The banker called the “East Side J.P. Morgan”

The Lower East Side was already a growing Eastern European neighborhood by the time Alexander “Sender” Jarmulowsky arrived in 1873.

Those immigrants needed a bank they could trust, one with connections to their homelands.

So Jarmulowsky, formerly a Talmudic scholar from Russia and now the wealthy owner of a shipping business, started one.

His eponymous bank, at Canal and Orchard Streets, was a huge success.

Jarmulowsky earned a rep as an honest businessman nicknamed the “East Side J.P. Morgan” who paid 100 percent on the dollar during the occasional bank run.

States the Museum at Eldridge Street: “As one Yiddish newspaper described him, ‘Jarmu-lowsky was living proof that in America one can be a rich businessman but also be a true, pious Jew.’”

The 12-story bank building at Canal and Orchard Streets he built in 1912 still stands today. Unfortunately Jarmulowsky never got to see it; he died that year. His sons took over, but they were more Bernie Madoff than J.P. Morgan.

When customers went to withdraw their money to send to relatives abroad during World War I, they found out their savings were gone.

The Jarmulowsky building was sold for $36 million earlier this year—way too late to benefit any of the account holders who lost their savings.

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13 Responses to “The banker called the “East Side J.P. Morgan””

  1. Lady G. Says:

    Lousy children seemed to have neither the respect or the ethics to run the business their hard working father built up. Their eyes where blinded by the greedy gilded age. Hope it bit them in the rear come 1929.

  2. wildnewyork Says:

    I wish I knew. It would be fitting.

  3. Upstate Ellen Says:

    Interesting story. I’d never heard of Sender Jarmulowsky. Out of curiosity, I checked Census records. I found that son Harry was a physician living with his parents in Manhattan in 1910. By 1920, he was married with children in Passaic, NJ, still practicing medicine.

    Son Meyer, listed as a banker in the 1910 Census, was married with two children and lived in Manhattan. I could not find the same family in 1920 or 1930. My guess is he changed his name.

    Son Louis was also listed as a banker in the 1910 Census. Unlike the others, he resided in the Bronx, with his wife Ida and 3 children. I found the family in Manhattan in the 1920 Census, but they had changed their last name to Jarmel. Louis was now a manager in a shirt factory, as he would be in 1930 as well.

  4. wildnewyork Says:

    Great research! There’s more to the story of the corrupt sons. Apparently when account holders realized they were wiped out, thousands held a rally outside the bank building, and 500 stormed Meyer Jarmulowsky’s house and forced him and his family to flee through a window. No wonder he changed his name….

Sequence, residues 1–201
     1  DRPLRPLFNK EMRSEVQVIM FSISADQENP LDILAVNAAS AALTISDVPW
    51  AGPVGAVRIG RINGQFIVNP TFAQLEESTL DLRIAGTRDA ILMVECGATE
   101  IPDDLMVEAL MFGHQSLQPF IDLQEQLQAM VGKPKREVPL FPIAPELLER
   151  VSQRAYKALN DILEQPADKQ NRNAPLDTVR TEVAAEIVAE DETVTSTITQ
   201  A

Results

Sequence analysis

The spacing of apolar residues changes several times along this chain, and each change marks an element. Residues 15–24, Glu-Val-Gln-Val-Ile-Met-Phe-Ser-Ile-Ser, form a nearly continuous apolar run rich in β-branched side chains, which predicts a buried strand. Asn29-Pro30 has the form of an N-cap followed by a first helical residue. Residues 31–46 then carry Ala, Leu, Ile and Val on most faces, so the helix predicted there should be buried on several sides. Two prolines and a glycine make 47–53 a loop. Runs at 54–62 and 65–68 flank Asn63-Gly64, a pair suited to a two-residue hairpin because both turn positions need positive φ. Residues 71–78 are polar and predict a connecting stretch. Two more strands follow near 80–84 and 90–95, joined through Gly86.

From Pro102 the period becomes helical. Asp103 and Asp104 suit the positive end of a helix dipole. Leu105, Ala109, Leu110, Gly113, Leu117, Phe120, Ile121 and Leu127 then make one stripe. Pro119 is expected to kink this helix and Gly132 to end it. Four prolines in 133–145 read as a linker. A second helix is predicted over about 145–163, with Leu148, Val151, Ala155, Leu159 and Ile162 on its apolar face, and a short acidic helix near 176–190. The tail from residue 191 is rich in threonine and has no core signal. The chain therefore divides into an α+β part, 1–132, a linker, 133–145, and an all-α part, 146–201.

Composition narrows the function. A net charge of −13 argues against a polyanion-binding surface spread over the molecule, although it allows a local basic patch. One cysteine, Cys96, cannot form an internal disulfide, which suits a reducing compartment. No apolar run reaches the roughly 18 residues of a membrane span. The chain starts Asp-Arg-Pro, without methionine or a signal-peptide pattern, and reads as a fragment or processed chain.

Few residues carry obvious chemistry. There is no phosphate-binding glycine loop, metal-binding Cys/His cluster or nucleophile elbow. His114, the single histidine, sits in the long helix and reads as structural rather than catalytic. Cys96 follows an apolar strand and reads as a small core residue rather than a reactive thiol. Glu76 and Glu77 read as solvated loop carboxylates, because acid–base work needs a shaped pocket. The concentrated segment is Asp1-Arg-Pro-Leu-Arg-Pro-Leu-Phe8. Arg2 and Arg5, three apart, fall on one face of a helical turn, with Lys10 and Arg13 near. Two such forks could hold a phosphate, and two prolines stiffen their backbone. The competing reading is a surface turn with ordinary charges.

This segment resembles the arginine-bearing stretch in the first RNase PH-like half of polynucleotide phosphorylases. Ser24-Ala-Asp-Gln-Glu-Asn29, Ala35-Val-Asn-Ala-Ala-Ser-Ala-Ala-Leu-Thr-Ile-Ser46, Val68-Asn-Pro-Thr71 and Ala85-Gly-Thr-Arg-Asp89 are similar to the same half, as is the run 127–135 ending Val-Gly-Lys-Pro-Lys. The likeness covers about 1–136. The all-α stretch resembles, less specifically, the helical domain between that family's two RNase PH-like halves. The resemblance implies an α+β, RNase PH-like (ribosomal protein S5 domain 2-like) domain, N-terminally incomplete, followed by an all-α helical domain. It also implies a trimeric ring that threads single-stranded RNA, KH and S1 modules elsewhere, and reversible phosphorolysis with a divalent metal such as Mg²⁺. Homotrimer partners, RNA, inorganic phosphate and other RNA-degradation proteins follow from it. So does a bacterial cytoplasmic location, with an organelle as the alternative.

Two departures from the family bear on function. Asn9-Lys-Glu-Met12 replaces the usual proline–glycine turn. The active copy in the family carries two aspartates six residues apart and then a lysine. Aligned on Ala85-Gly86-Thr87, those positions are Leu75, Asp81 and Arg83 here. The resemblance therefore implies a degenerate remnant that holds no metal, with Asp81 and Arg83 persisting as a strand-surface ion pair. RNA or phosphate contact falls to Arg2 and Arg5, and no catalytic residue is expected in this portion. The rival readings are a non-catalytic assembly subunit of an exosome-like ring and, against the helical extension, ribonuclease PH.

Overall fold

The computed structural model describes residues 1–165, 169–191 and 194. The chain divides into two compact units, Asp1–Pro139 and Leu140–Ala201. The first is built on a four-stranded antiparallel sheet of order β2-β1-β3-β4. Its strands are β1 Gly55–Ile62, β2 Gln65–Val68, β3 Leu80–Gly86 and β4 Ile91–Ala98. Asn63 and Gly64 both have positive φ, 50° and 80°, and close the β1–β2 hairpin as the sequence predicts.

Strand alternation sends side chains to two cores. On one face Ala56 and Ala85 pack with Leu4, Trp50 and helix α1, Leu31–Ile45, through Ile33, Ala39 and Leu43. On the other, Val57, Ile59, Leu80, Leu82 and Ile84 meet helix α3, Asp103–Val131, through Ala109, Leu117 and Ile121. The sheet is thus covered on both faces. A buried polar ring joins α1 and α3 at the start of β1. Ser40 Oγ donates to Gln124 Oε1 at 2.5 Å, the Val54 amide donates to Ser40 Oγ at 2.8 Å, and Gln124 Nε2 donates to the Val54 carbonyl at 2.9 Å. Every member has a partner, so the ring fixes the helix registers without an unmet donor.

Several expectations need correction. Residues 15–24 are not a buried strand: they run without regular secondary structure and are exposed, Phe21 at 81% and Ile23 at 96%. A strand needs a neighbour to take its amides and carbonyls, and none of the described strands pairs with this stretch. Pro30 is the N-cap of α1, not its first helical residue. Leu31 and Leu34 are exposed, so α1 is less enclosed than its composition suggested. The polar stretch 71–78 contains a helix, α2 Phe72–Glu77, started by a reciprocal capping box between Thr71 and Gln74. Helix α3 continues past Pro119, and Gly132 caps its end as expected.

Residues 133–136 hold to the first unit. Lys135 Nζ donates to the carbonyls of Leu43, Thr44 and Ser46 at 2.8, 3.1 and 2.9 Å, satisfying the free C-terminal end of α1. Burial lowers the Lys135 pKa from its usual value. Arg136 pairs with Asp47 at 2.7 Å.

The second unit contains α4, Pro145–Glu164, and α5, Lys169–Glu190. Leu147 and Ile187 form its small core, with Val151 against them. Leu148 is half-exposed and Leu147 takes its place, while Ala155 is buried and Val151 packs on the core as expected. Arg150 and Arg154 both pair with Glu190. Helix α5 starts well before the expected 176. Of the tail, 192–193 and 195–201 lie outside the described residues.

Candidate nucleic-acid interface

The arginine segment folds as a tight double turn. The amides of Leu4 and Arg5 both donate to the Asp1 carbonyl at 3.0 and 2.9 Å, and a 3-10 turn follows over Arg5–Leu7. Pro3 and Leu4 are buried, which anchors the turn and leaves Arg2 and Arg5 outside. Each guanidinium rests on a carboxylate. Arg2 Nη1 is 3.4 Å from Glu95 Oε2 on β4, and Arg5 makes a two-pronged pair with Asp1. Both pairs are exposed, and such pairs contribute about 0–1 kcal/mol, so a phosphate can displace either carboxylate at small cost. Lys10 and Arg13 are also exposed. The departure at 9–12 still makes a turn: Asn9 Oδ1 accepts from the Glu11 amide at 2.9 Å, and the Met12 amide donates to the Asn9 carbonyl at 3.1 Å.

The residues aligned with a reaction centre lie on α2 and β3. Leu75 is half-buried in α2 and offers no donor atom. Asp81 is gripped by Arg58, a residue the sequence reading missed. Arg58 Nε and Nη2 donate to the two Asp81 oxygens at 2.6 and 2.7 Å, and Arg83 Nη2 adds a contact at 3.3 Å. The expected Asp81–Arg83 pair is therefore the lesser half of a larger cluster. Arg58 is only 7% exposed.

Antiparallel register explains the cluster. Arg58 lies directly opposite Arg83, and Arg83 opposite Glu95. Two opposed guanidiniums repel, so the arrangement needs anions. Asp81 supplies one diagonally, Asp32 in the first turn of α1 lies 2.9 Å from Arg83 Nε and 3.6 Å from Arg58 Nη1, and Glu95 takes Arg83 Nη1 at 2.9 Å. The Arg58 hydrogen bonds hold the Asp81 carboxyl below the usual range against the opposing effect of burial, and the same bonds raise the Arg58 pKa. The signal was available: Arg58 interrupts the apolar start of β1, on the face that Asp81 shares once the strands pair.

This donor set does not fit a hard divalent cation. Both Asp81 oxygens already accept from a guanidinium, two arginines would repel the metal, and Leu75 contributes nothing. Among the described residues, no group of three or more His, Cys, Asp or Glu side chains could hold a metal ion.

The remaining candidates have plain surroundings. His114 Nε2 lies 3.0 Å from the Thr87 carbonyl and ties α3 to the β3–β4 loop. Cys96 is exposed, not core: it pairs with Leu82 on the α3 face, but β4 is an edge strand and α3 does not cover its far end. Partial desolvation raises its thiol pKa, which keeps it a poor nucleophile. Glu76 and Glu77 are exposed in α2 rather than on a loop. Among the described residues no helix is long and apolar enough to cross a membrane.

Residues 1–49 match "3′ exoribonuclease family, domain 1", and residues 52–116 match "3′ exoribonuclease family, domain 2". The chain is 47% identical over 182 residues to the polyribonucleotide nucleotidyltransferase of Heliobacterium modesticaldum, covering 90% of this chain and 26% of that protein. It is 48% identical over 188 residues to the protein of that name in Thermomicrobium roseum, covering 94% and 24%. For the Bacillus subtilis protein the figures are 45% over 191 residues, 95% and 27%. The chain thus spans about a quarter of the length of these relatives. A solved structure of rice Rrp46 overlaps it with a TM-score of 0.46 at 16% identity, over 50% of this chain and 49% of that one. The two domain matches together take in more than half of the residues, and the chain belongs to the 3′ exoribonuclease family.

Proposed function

5. aidel Says:

    It is such a shame that there are a (not insignificant) number of Jews among the Wall Street criminals, which only fuels the flames of stereotypes and antisemitic hate. Apparently the government approves of big money crimes. Where are the regulations? Why aren’t the few that stand enforced? There is plenty of room for company at Maddoff’s new estate.

  6. Dave Says:

    Do we know they were corrupt? The other (brief, poorly sourced) links I read about them suggest that they may just have been felled by a bank run caused by panic occasioned by the start of WWI. A big enough run could kill any smallish bank back then.

  7. wildnewyork Says:

    The Tenement Museum blog has a nice writeup, with a link to a New York Times story from 1914. Corrupt may be too strong a word…but they were indicted for fraud by the US Government:

    http://tenement-museum.blogspot.com/2009/05/business-senselessness.html

  8. Upstate Ellen Says:

    There’s even more information about the brothers and their descendants at the Tenement Museum blog. One of Meyer’s grandsons or a nephew (rather than “a third son,” as the blog states) ended up at Bellevue Psych Ward. Dr. Harry Jarmulowsky, seemingly the only one of Sender’s sons not involved in the scandal, died in 1947, according to the NY Times. Someone ought to write a book!

    • DV Says:

      HI
      I needed to write an article which tells the story of Mr. sender jarmulowsky I missed a lot of material about the personal and public life of Sender

      Any material you give me could promote me, also if you can refer me to people or other reservoirs.

      Thank you

  9. Big Sis Says:

    If someone could find out which synagogue(s) they were affiliated with, or with any of the Benevolent societies (“landsmanschaften”) I would like to know. Thanks.

  10. Jim Says:

    Here is Alexander’s Online Memorial for those interested.

    Alexander Online Memorial
    http://www.findagrave.com/cgi-bin/fg.cgi?page=gr&GSln=jarmu&GSmid=46594029&GRid=91900180&

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